Though Bob Dylan moved away from his role as a ‘protest singer’ long ago — we saw Another Side by his fourth album — his name will forever be associated with social activism. The international human rights organization Amnesty International rose out of the same turbulent era as Dylan, forming in 1961, the year Dylan recorded his first album. Fitting, then, that in celebration of their 50th birthday, Amnesty would call on artists to contribute their Dylan covers to the massive four disc set Chimes of Freedom: The Songs of Bob Dylan Honoring 50 Years of Amnesty International.
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When creating this post I wondered whether it was irresponsible to post songs about cocaine. Going through my list though, my worries faded. These songs are uniformly negative! One guy shoots his wife under the influence, another gets locked up in a room with padded walls, and a third wrecks a train. So no arguments about glorifying the rock and roll lifestyle please because, yeesh, sounds terrible.
The Loved Ones – Cocaine Blues (T.J. “Red” Arnall)
I always thought this was a Johnny Cash original. Its badass-itude rivals even “Folsom Prison Blues,” so it truly seems straight out of the darkest imaginings of the Man in Black himself. [Buy]
Sister Hazel – Gold Dust Woman (Fleetwood Mac)
A sitar intro marks this as memorable from the get-go, and it doesn’t disappoint. Doubly appropriate because the original album Rumours basically evolved from one big coke orgy. [Buy]
Ezra Kachi – Crazy Train (Ozzy Osbourne)
Don’t hate on Ozzy. This song has a great tune, some fun lyrics, and a pound-your-fist chorus. The sensitive acoustic take here keeps the first two at least. [Buy]
Bob Dylan – Cocaine Blues (Trad.)
This tune (not to be confused with the Arnall/Cash one above) is clearly a Dylan favorite. It appeared in his early sets, like this New Yoek take from 1962, then reappeared thirty-five years later with a full band arrangement and plenty of harmonies. You can’t beat the finger-plucking in this young-Bob version. [Buy]
Turin Brakes – Moonlight Mile (The Rolling Stones)
According the Robert Christgau this song “re-created all the paradoxical distances inherent in erotic love with a power worthy of Yeats, yet could also be interpreted as a cocaine song.” That’s a bit of a leap (though many have made it), but this lonesome duet is worth posting. [Buy]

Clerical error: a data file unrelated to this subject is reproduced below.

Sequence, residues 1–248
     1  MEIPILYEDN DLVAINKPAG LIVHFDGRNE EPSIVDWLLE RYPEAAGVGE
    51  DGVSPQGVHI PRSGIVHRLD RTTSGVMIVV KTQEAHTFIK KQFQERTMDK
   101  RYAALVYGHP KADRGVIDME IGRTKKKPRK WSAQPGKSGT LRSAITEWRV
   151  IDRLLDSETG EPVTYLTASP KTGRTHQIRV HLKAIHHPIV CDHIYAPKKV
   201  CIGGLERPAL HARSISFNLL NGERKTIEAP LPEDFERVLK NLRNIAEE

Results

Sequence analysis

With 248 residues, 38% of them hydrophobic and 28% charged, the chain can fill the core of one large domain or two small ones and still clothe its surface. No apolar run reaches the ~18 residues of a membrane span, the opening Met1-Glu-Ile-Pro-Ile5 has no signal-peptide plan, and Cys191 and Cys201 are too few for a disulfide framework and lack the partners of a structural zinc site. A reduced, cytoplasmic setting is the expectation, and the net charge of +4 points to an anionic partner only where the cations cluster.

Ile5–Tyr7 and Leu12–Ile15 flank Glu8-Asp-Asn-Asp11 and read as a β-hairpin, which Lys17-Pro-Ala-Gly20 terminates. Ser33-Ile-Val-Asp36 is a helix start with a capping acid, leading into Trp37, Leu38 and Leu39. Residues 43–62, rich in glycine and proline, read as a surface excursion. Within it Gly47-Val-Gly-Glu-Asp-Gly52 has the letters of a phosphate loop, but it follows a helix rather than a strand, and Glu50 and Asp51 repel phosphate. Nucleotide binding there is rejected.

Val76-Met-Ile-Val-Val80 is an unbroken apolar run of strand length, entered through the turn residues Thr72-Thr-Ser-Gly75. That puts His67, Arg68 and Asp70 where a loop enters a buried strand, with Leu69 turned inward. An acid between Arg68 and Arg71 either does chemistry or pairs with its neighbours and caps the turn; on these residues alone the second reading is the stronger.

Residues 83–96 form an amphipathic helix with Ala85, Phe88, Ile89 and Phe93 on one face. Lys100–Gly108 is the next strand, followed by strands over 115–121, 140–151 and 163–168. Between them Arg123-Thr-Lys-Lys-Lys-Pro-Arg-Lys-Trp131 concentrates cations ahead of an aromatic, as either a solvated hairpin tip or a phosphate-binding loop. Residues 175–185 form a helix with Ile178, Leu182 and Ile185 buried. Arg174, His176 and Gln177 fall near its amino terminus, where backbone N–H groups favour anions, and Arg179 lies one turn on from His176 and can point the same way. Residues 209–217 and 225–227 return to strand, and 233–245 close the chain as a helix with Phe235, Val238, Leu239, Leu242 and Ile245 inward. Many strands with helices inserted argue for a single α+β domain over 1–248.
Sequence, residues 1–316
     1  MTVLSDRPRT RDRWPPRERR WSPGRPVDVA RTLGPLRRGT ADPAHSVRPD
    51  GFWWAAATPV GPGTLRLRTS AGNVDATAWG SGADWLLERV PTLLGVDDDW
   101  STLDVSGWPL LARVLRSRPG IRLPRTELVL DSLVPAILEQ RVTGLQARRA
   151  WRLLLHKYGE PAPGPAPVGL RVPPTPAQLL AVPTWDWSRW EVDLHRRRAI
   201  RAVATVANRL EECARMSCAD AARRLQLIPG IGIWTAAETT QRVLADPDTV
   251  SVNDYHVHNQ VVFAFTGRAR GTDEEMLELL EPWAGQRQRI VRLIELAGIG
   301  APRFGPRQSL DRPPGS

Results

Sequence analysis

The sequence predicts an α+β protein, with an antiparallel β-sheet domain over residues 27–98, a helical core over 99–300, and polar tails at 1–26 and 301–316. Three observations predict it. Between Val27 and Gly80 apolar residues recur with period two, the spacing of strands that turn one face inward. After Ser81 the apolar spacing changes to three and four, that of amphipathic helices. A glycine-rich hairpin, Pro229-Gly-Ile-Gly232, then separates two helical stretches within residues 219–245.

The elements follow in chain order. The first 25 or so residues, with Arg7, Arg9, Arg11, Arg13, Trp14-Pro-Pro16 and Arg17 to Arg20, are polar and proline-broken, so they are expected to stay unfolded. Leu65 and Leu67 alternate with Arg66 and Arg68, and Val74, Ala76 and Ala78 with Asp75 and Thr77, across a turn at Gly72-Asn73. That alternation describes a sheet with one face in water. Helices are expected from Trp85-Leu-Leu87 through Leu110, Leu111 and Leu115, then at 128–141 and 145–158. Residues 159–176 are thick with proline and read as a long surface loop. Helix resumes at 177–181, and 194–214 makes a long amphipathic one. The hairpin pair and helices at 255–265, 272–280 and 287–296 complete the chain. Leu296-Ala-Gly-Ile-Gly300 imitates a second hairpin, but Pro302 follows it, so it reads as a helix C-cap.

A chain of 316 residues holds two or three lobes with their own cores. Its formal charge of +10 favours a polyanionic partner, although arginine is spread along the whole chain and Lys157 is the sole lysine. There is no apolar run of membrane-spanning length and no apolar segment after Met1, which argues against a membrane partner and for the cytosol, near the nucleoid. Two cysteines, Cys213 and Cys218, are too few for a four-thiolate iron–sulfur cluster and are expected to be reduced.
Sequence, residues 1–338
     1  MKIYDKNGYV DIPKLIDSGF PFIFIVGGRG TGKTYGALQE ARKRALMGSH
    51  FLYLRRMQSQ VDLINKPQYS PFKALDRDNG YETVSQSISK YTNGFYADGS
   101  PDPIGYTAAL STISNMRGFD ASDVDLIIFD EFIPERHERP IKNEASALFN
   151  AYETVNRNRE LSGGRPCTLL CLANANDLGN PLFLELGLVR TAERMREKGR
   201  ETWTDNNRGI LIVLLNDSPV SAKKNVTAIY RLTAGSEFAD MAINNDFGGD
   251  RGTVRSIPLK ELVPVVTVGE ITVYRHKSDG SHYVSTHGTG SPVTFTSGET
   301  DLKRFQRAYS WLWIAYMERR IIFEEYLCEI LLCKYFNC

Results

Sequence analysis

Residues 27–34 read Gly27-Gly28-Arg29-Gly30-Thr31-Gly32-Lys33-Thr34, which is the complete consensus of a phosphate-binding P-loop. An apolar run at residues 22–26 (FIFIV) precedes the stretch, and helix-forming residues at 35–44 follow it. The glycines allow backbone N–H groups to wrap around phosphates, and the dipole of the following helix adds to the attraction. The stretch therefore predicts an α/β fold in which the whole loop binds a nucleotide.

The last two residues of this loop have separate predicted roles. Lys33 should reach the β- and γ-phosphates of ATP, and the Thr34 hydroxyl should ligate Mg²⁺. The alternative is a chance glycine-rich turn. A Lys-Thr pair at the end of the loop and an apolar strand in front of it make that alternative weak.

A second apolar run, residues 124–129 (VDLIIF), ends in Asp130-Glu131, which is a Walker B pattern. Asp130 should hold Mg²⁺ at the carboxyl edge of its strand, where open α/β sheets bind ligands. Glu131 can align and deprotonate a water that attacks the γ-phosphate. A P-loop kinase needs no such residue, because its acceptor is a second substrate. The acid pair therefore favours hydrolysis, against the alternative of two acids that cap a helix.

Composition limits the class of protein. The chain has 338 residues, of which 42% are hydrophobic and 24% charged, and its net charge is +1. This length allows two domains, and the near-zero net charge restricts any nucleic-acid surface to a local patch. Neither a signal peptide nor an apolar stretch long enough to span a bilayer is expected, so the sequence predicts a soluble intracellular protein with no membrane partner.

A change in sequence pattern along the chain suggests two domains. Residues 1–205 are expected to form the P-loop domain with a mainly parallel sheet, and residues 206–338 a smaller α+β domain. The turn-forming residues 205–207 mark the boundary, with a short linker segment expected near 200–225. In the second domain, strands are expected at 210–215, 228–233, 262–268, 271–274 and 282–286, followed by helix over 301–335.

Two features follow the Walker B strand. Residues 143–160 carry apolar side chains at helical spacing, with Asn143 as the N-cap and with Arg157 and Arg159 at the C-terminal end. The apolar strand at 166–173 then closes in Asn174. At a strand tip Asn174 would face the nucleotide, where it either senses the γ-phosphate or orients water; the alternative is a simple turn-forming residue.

Michael Franti & Spearhead – Casey Jones (Grateful Dead)
A live one from back in May, Franti makes Mountain Jam’s Deadheads wet themselves with a brief reggae-fied snipped of one of the Dead’s few actual hits. [Buy]
Minus 5 – That Smell (Lynyrd Skynyrd)
This one’s about just about every drug there is, and sounds like a D.A.R.E. ad campaign. The stripped-down slow burn highlights the almost comically serious lyrics. [Buy]
The Bobs – White Room (Cream)
For some reason an a cappella group singing a tune about a guy freaking out on cocaine and heading to an insane asylum (probably) strikes me as amusing. The fact that they knock it out of the park – complete with a “While My Guitar Gently Weeps” vocal solo – comes as a nice addition. [Buy]
Scott D. Davis – Master of Puppets (Metallica)
It’s instrumental cover-piano by the master of the genre (well, him and Christopher O’Riley) and as such you might miss the reference. So here it is. “Needlework the way, never you betray / Life of death becoming clearer / Pain monopoly, ritual misery / Chop your breakfast on a mirror.” [Buy]
Eric Ambel & the Roscoe Trio – Cocaine Eyes (Neil Young)
Ambel earned his keep shredding for Joan Jett’s Blackhearts Steve Earle’s Dukes , so it’s not surprising the man’s a Neil Young fan. He does grunge-blues as well as the Man in Flannel himself. This comes from the excellent More Barn tribute album. [Buy]